Former referee Nigel Owens has labelled the decision to penalise England at the scrum in the final minutes of their World Cup semi-final against South Africa as “very, very, debatable,” saying it goes down to the referee’s interpretation on the day.
Referee Ben O’Keeffe penalised replacement loosehead Ellis Genge for driving across against South Africa late in the semi-final, whereby Handre Pollard stepped up and converted the resulting penalty kick to give the world champions a 16-15 victory.
On Whistle Watch this week, the Welshman discussed that decision and explained why O’Keeffe came to it, all while highlighting the infringement Genge’s opposite man Vincent Koch was perceived to have committed.
“Now, big talking point in that wonderful, exciting and intense game was the last penalty in the scrum,” Owens said.
“There are a lot of things to look at here. So do we have Ellis Genge going to his knee? Yes, we do. Now what tends to happen, if a player goes to his knee, the referee will deal with that there and then. The referee here decides that Ellis Genge gets back up on his feet, so he continues the scrum. What happens next is we have Ellis Genge going across, but also some of you have quite rightly highlighted that you have the tighthead of South Africa [Vincent Koch] also going across.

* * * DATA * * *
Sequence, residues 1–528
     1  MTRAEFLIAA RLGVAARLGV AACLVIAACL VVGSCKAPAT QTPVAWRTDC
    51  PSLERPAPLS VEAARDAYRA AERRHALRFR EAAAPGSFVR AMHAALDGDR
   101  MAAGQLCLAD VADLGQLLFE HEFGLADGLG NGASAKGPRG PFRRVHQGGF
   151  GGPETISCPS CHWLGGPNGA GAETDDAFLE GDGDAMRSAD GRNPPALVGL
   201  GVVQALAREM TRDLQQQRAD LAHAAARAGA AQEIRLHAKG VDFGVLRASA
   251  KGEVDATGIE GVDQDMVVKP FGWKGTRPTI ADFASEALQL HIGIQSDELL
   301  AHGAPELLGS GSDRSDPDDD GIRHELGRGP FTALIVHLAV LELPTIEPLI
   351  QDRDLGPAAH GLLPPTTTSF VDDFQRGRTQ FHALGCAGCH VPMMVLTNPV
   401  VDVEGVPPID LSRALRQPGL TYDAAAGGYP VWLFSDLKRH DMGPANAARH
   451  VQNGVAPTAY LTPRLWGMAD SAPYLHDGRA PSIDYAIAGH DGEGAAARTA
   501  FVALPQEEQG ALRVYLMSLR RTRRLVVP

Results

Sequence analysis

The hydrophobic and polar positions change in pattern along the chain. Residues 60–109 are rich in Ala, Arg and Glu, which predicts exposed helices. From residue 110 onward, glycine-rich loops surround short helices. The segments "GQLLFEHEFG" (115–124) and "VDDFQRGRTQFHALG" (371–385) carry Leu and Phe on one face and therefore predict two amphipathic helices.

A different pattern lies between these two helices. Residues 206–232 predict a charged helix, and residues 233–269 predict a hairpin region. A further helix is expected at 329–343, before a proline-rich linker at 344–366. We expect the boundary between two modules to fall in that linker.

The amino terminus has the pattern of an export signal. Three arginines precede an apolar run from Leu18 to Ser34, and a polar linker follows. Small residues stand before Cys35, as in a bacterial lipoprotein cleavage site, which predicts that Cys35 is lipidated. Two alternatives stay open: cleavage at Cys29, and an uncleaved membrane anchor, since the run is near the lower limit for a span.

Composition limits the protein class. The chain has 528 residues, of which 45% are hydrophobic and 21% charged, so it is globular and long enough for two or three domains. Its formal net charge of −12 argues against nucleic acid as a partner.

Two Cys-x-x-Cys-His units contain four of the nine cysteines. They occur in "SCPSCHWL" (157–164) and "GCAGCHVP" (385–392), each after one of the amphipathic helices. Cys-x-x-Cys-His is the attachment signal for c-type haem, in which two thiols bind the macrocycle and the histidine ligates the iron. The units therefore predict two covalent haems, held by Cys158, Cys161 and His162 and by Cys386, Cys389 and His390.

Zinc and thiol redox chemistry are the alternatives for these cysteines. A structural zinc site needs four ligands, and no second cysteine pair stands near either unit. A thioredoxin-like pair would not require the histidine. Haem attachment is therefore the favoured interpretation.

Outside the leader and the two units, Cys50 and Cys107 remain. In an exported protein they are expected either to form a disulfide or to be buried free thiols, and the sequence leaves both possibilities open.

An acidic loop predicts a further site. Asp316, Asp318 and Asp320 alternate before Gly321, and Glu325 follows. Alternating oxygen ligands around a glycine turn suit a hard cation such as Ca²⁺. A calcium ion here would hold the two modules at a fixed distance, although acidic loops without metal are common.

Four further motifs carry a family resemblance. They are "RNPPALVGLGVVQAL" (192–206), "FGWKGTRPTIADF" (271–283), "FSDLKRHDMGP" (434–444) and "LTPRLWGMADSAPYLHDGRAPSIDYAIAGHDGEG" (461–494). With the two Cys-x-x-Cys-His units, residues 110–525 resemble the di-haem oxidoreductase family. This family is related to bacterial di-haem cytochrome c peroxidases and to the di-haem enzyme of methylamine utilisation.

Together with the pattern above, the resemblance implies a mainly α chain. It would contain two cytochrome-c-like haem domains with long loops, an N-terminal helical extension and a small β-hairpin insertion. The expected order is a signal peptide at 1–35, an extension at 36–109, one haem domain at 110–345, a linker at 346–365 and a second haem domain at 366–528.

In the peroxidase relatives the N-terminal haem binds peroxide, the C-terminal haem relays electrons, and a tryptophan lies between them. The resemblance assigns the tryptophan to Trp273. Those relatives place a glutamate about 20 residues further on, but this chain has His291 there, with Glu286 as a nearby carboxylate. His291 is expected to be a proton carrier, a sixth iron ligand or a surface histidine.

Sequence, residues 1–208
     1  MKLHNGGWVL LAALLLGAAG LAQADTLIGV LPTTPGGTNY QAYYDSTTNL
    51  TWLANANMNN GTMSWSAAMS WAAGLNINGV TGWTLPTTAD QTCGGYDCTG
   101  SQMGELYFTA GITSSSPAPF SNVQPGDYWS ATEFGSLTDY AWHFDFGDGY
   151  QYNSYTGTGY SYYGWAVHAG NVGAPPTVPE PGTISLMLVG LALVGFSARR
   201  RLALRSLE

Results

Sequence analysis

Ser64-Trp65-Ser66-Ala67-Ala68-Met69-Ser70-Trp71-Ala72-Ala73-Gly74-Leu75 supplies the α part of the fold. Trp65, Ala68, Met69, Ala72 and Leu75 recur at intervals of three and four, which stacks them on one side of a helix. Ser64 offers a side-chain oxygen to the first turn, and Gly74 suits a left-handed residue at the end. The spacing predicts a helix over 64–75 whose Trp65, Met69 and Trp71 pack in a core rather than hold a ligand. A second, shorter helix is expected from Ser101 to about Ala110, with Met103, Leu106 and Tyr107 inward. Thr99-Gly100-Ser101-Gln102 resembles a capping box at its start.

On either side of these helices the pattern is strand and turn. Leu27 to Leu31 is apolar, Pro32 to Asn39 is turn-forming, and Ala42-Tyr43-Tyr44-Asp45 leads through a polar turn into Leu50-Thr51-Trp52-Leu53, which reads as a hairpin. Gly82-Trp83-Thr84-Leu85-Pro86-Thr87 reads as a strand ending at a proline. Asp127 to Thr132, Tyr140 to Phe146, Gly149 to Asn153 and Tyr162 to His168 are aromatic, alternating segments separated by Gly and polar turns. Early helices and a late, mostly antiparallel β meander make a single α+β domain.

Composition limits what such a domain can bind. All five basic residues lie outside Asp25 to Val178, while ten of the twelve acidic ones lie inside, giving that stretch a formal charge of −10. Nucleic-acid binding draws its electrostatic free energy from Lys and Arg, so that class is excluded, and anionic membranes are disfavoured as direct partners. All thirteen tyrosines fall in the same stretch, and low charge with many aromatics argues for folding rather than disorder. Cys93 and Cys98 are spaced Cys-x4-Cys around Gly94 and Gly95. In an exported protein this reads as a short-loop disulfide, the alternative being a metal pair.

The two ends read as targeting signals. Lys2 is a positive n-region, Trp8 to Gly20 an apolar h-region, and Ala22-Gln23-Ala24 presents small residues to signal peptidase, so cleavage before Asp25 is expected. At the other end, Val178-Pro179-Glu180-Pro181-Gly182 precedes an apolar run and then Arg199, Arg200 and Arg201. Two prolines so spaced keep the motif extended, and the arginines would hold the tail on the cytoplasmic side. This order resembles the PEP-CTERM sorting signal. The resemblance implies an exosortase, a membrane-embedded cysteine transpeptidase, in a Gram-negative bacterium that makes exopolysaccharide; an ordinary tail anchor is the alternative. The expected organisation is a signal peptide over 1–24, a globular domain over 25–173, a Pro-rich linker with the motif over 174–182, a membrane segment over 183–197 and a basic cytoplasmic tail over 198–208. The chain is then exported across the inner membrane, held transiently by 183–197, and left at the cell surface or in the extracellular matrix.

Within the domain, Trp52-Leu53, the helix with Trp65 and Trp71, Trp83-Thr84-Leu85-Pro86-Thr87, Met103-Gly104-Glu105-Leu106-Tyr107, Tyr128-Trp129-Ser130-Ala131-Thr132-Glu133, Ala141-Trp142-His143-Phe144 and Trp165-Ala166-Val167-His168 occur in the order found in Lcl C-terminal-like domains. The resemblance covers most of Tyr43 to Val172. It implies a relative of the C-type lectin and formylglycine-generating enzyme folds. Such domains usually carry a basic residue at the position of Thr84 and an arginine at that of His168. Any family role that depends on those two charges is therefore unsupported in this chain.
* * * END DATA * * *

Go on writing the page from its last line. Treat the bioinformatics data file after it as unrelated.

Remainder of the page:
“So what the referee has to deal with here, he has to deal with what he believes is the first offence. So for him, the first offence is the knee on the ground. The South Africa tighthead going across then, for him, is the second offence. So it’s one of those very, very debatable ones. The only thing I would say, if you are going to penalise a knee on the ground, then you need to penalise it when it happens. Not afterwards when something else has happened. It’s a little bit like the contact area. There’s no point you coming in and penalising the second or the third offence, and not penalising the first one. It will then be too late to go back to it.
“So, in this instance here, the referee penalised Ellis Genge for going across, because he feels the action on the knee has contributed to that. It’s a very, very tough call and to be honest it’s one that comes down to your interpretation as a referee on the day.”
The scrum came off the back of 20 minutes of dominance at the set piece from South Africa, as their vaunted ‘Bomb Squad’ helped book their place in the World Cup final against the All Blacks on Saturday.